Scrap the Digital learning debate?

How can we make digital learning as effective as, or better than face to face?

That was the question on last week’s #LDInsight discussion. My initial response ‘By focussing on humans and not the tech’ was a reply that won the votes of many.

Later on, I tweeted, ‘Can’t we ditch the prefixes face to face and digital and just call it learning’. A reply from Blake Henegan got me challenging my thinking as to whether I really thought that.

‘I understand this point, but think that we need labels to a certain level. Genres and categories exist in all other areas – e.g. music’ 

On reflection, I think you’re right Blake. Labels are useful to some degree. We’re hearing labels such as gamification, social learning, massive online open courses and the questionable term micro learning. At least when we use those labels we know what we’re referring to.

Thinking this through, I don’t think the labels are what I really have a problem with. The real unsettling bit is the differentiation between digital and face to face.


The problem lies in how the word ‘digital’ is used

In the context of this discussion, digital is a separate entity. It’s a battle of digital versus face to face that’s gone on for years now and it’s time we drew a line under this. It’s a view that is more than likely a hangover from the days where e-learning was born where ‘computer-based-learning’ truly was a replacement to face to face. We’ve grown up since then.


Digital has earned its place in face to face learning.

Nowadays digital is not just an online, remote, isolated and alternative experience. It’s an integral part of learning whether we’re located together face to face or not. This worked well on my Level 5 CIPD L&D qualification with DPG. In group exercises, we often used tablets, phones and computers to carry out research within our groups.

Is this digital learning or is this face to face learning?

How many times have you gathered around a mobile phone or a screen with others physically located in the same place and consumed something digital? What about when we watch video together in the same room? I’ve seen groups conduct pieces of e-learning together, as a group, with discussion. What about other modes of digital that exist in the face to face environment? A regular sift through #EdTech discussions tells me that a raft of digital is happening in classrooms around the world. Smart boards, interactive tables, voting systems and connected classrooms are all in play. Is this digital learning, is this face to face, or is it just learning?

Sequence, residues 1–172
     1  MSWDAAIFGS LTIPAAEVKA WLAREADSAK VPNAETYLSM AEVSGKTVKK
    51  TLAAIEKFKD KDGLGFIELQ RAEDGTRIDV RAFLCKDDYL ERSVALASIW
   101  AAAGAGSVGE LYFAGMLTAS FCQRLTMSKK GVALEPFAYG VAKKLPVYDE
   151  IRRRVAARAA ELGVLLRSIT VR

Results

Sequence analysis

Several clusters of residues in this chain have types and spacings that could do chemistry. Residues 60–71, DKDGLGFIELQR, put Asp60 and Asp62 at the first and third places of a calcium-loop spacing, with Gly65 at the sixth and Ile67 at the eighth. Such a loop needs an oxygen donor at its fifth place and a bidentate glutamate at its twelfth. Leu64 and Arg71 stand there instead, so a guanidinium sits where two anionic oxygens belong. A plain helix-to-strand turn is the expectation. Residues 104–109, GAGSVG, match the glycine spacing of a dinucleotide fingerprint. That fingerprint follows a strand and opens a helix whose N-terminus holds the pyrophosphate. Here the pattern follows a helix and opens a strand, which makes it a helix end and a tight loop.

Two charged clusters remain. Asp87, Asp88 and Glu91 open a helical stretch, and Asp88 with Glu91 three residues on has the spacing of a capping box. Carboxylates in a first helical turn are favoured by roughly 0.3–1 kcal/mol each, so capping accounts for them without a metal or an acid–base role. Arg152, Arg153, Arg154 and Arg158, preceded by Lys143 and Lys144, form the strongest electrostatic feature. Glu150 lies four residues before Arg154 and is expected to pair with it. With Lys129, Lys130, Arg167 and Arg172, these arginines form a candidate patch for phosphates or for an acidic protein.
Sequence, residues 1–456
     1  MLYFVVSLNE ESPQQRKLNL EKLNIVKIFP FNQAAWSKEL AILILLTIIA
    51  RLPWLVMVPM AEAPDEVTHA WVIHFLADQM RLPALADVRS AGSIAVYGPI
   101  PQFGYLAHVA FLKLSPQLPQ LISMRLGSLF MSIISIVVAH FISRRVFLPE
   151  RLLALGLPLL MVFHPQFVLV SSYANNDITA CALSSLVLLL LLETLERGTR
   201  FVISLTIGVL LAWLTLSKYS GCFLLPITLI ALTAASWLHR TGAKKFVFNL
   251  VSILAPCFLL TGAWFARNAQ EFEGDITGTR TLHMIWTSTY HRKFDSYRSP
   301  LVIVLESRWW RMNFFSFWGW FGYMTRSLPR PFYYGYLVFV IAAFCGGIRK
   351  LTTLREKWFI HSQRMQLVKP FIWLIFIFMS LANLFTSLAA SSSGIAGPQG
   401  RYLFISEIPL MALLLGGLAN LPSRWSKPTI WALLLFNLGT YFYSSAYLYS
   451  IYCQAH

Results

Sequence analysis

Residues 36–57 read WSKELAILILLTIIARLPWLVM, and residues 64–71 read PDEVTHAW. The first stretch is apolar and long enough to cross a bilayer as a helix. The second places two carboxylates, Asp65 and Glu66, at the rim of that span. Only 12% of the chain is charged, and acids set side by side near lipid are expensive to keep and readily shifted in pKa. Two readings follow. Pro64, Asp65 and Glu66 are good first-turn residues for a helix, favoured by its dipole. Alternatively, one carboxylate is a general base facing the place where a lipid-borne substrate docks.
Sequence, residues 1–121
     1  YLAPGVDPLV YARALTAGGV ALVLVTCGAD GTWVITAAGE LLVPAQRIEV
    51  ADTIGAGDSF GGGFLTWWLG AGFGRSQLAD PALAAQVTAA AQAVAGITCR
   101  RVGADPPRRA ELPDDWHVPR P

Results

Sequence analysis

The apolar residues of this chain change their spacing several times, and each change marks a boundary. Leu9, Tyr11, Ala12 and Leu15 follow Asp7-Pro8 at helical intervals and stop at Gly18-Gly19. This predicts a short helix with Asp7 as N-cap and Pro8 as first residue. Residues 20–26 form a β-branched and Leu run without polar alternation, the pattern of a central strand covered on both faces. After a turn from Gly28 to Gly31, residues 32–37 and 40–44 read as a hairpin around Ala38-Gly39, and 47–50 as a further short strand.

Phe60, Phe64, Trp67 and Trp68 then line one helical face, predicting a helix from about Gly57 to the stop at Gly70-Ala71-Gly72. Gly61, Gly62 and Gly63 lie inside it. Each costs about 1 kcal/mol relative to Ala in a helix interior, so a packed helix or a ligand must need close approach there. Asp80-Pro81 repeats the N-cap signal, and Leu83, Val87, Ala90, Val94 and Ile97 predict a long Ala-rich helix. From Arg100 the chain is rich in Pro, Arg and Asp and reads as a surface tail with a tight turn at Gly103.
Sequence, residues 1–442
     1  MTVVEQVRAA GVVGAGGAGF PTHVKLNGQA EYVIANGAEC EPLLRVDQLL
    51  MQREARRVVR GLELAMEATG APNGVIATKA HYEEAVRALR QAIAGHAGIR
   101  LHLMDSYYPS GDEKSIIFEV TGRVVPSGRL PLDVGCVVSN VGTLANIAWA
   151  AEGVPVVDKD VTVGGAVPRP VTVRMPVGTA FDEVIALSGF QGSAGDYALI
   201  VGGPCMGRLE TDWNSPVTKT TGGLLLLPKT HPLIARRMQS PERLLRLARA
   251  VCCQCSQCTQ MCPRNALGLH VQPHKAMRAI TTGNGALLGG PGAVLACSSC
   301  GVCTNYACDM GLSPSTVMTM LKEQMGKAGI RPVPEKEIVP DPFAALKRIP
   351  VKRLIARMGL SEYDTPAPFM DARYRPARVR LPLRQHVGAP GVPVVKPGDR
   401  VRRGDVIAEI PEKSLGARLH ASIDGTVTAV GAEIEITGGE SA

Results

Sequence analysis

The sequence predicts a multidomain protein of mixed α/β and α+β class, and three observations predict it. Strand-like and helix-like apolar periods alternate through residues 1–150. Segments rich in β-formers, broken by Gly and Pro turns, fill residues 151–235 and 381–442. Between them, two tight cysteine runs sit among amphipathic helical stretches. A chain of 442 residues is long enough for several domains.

Face to face has earned its place in digital

In a similar way, face to face features largely in digital. A Google Hangout, Zoom meeting or webinar involves faces being seen. What about when digital is used as a preamble to a face to face event? Or maybe to keep a face to face group connected in between sessions? Is this digital learning, face to face learning or both? Or is it just learning?


The eclectic taste of learning is the answer

A face to face solution can include digital.  A digital solution can include face to face.  Sometimes it's one or the other. Mostly, it's both. Just like we can enjoy an eclectic musical taste of genres without having to choose just one, we can enjoy the blend of learning methods available to us.

So let’s not send these labels to Room 101 just yet. They’re useful references to keep hold of. Let’s at least though, consider how they work together.

  • How do you make use of digital to support face to face learning?
  • How do you make use of face to face learning to support remote learning?

I'd love to hear your thoughts.....

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